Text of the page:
ASP.NET MVC Routing - Intercepting file requests like Index.html, and what it teaches about how Routing works

Easy: Including an HTML file in an ASP.NET MVC site

I got an interesting question recently on routing, which lead to an even more interesting question on how to do the opposite. This turns out to offer a pretty good look at some important details of how routing works under the hood.

First, here's the question:

I have a scenario where I’ve got an MVC application and I need to put a static HTML file in the root of the site (to work with a third party). Is there a way that I can specify in an MVC app that I want to not reroute requests to the html page? i.e. suppose I have myfile.html in the root of my MVC app, how do I make it so the MVC magic doesn’t try to redirect my request?

Note that while the question was about a file with a .html extension, this applies to other files that are normally mapped to static content, like XML or SWF or what have you.

Fortunately, this is pretty easy:

The easiest way is to do nothing. MVC routing won't touch requests with an extension it hasn't been mapped to, and the IIS static file handler will pick it up. Try creating a new MVC project and drop myfile.html in the root and browse to it, you’ll see the HTML file is served. If you think about it, this is kind of necessary to allow for an MVC site to be able to serve up images, JavaScript, favicon, etc. files without trying to route those requests.

If you really want to make sure that routing doesn’t handle it if it happens to see it, you can add an IgnoreRoute rule to your RegisterRoutes method (used to be in Global.asax.cs, now in App_Start/RouteConfig.cs):


A little tougher: Routing .HTML Requests To An MVC Route

This made me want to show an example of how to do the opposite - intercept a request to myfile.html even if there's a myfile.html on disk. That turns out to be a bit more work. It's not rocket science, but there are a few steps.

Step 1. Mapping the file extension to TransferRequestHandler

IIS 7 Integrated mode uses HTTP Handler mappings which point path / verb combinations to an HTTP Handler. For example, there's a default handler mapping which points path="*.axd" verb="GET,HEAD,POST,DEBUG" to the appropriate ISAPI module for the .NET runtime version the site's running under. The easiest way to see the default handlers under IIS Express is to run a site under IIS Express, right-click the IIS Express icon in the system tray, click "show all applications", and click on a site. The applicationhost.config link at the bottom is linked, so you can just click on it and it should load in Visual Studio.


If you scroll to the bottom, you'll see that there's a catchall StaticFile mapping for path="*" verb="*" which points to "StaticFileModule,DefaultDocumentModule,DirectoryListingModule". That's what will handle your .html request if you do nothing. So the first step is to add a handler in your web.config that will point *.html requests to the TransferRequestHandler. TransferRequestHandler is the handler that takes care of the extensionless URLs you're used to seeing in MVC routes, e.g. /store/details/5.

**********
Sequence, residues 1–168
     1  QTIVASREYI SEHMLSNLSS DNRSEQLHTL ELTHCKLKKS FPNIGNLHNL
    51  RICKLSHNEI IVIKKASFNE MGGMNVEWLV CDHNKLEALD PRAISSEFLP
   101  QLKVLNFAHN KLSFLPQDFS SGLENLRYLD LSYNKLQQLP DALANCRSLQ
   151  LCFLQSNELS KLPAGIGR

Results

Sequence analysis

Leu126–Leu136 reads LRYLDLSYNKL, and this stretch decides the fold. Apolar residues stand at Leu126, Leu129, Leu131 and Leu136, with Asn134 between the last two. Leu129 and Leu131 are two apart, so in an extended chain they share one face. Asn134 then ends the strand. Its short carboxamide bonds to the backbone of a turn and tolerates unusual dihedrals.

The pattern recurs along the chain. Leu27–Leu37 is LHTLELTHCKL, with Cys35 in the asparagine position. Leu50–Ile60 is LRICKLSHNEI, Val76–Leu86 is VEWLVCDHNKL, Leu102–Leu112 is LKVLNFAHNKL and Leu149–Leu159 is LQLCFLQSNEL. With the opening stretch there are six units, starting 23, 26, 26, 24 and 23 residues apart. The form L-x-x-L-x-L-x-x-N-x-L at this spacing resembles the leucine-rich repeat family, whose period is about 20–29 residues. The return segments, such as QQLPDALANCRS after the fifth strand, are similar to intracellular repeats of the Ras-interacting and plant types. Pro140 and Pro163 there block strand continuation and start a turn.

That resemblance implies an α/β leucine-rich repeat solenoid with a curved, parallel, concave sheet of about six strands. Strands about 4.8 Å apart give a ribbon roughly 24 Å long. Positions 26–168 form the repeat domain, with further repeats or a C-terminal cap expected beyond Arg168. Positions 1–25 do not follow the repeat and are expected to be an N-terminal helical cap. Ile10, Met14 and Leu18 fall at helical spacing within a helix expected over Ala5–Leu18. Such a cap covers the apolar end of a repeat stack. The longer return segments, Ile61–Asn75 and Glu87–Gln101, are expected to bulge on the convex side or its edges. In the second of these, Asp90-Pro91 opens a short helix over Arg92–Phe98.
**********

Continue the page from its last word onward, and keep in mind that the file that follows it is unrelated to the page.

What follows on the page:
Adding a handler mapping is really easy - just open up your web.config and add it to the <system.webServer/handlers> node.

<add name="HtmlFileHandler" path="*.html" verb="GET" type="System.Web.Handlers.TransferRequestHandler" preCondition="integratedMode,runtimeVersionv4.0" />

Note that you can make the path more specific if you'd like. For instance, if you only wanted to intercept one specific request, you could use path="sample.html"

Step 2. Configuring the route

Next, you'll need a new route. Open up App_Start/RouteConfig.cs and it to the RegisterRoutes call. My complete RegisterRoutes looks like this:

    name: "CrazyPants",
    url: "{page}.html",
    defaults: new { controller = "Home", action = "Html", page = UrlParameter.Optional }

You can make your route as complex as you want. For instance, here's one by pilotbob which uses a constraint to map several legacy filetypes to a controller:

    , "Html/{*src}"
    , new { Controller = "Home", action = "Html" }
    , new { src = @"(.*?)\.(html|htm|aspx|asp)" }                     // URL constraints
    , new [] { "WebApp.Controllers" }

Step 3. Route Existing Files

That almost covers it, but there's one more thing to take care of - overriding requests that match an existing file. If you've got an actual file called myfile.html, the routing system won't allow your route to run. I forgot about this, ended up with an HTTP 500 error (recursion overflow) and had to ask Eilon Lipton for help.

Anyways, that's easy to fix - just add routes.RouteExistingFiles = true to your route registration. My completed RegisterRoutes call looks like this:

public static void RegisterRoutes(RouteCollection routes)

    routes.RouteExistingFiles = true;

        name: "CrazyPants",
        url: "{page}.html",
        defaults: new { controller = "Home", action = "Html", page = UrlParameter.Optional }

        name: "Default",
        url: "{controller}/{action}/{id}",
        defaults: new { controller = "Home", action = "Index", id = UrlParameter.Optional }

That's it.

I tested by adding this controller action:

public ActionResult Html(string page)
    ViewBag.Page = page;
    return View();

and I threw in this view:

    ViewBag.Title = "Html";

<h2>Yo yo yo, I'm the HTML Controller!</h2>

<p>Requested page: @(ViewBag.Page).html</p>


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